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Wednesday, Nov. 7, 2001

Hosoya serves up some excellent cheese


OK, let's play Guess The Filmmaker. Here's the flick: it's called "Home Sweet Hoboken," it's set in a New Jersey neighborhood, and it features two jobless young slackers who live with their grandmother while subsisting on pizza and beer. Their foul-mouthed dialogue is along the lines of "S***, I gotta do some thinking -- where's the bong?"

News photo
Yoshifumi Hosoya

This cheesy slice of suburban Americana comes to you courtesy, not of Kevin Smith ("Clerks," "Chasing Amy"), but of Yoshifumi Hosoya, a Japanese director based in New York City since the mid-'80s. Like his debut feature, 1995's "Sleepyheads," "Home Sweet Hoboken" is a slickly produced comedy that merges misfit characters with a broad, almost slapstick sense of humor.

Indeed, "Home Sweet Hoboken" is almost too slick for an indie film. Its tale of two slow-witted brothers plays close to "Bill and Ted" territory, into which are dropped character actors like Ben Gazzara, Isaac de Bankcle and Elizabeth Ashley, who suggest an altogether more offbeat indie universe and the films of directors like John Cassavettes, Jim Jarmusch or Todd Solondz.

" 'Stranger Than Paradise' opened about a year after I came to New York," said the 36-year-old director in an interview with The Japan Times. "It was probably the first independent film I saw, and I was like, wow, because it was so simple and so funny."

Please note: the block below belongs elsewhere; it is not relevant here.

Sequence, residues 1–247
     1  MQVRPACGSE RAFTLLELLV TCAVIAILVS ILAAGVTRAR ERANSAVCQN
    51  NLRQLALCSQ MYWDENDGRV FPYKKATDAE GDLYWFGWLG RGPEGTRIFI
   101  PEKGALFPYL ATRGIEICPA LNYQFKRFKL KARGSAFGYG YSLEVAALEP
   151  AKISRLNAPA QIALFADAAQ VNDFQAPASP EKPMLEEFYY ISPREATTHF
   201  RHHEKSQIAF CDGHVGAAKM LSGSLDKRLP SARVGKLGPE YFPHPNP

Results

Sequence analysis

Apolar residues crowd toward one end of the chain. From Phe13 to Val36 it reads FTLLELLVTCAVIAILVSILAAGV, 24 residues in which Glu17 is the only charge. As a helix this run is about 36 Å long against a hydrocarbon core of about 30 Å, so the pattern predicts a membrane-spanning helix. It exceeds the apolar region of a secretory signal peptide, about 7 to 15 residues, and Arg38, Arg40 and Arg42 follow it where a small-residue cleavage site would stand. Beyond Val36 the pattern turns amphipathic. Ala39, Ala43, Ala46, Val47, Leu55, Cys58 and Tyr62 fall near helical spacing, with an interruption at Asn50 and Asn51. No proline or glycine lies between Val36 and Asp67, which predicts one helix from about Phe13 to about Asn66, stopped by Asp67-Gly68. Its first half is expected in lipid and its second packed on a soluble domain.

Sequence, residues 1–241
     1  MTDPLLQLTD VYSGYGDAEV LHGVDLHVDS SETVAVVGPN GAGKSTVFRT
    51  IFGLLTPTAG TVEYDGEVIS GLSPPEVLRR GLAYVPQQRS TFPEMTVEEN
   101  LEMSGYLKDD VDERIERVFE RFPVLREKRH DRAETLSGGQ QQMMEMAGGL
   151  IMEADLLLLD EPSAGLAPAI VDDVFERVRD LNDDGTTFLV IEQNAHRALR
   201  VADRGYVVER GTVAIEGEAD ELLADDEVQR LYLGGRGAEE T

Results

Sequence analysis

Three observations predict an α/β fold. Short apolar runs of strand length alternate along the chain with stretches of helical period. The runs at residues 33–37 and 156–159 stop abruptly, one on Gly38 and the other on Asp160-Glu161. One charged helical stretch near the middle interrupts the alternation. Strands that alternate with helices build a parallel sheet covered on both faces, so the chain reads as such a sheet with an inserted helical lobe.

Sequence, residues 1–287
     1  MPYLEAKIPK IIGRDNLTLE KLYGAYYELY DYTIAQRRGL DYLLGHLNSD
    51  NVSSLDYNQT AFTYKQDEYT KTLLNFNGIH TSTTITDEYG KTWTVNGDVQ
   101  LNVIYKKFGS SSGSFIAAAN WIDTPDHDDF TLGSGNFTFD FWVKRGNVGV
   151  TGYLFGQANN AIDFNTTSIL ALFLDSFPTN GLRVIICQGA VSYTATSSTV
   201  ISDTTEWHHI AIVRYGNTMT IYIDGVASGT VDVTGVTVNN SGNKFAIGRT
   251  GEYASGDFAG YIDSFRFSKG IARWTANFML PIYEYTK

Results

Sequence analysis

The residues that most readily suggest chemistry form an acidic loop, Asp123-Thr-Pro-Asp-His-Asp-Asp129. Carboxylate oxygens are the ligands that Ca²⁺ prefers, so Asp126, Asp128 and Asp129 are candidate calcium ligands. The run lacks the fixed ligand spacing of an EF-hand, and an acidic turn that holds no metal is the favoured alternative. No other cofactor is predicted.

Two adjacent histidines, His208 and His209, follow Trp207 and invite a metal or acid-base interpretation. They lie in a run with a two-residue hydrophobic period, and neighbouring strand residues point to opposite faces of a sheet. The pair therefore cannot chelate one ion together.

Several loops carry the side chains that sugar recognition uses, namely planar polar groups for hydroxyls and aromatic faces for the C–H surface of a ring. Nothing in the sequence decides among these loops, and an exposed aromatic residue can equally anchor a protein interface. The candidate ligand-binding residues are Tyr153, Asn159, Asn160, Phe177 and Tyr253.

Compared to Jarmusch, however, Hosoya's brand of humor is more conventional, his pacing less affected, a fact which he's certainly aware of. "I thought from the beginning, I'd try to balance a bit of an indie movie touch with a more mainstream sensibility," said Hosoya. "But sometimes I think I should have gone a little crazier, more of an indie way -- it probably would have been easier to market. I think the problem is that it's an independent movie, but commercially made."

Hosoya himself is rather like a character from a Jarmusch film, though, a rootless cosmopolitan immersed in an adopted culture. Certainly, his knowledge of American cultural quirks is formidable. Hosoya co-wrote the script, but credits his collaborators with making it all look and sound "right."

While "Home Sweet Hoboken" is getting a theatrical opening in Japan, Hosoya explains that "despite what people think, it's still a really tough climate for independent films, especially trying to find distribution. Even the Sundance winners usually don't open really wide in the theaters. But for us, we're not seriously expecting to make huge money from this movie, y'know? We know from the start it's not going to be 'Titanic,' we just like to keep making films and doing good work. Though it would be nice to do something with more money next time!"

Hosoya certainly has learned how to play the game, though. He used the interest in veteran actor Ben Gazzara, currently hot in the indie scene after appearances in "Buffalo 66" and "Happiness," to attract other actors and financing, despite the fact that Gazzara didn't sign on the dotted line till the week before filming. "That's crazy," admits Hosoya, "but that's always the case with casting. It's always a game. But we were telling all the other actors 'Ben is going to be in the film!' "

Hosoya has the technical chops to succeed, and a comedic style all his own. You get the feeling he's one pic off a break, though his next project -- a sci-fi comedy billed as "Galaxy Quest meets Ed Wood," with Mel Brooks in the lead -- seems, to say the least, a dicey proposition.



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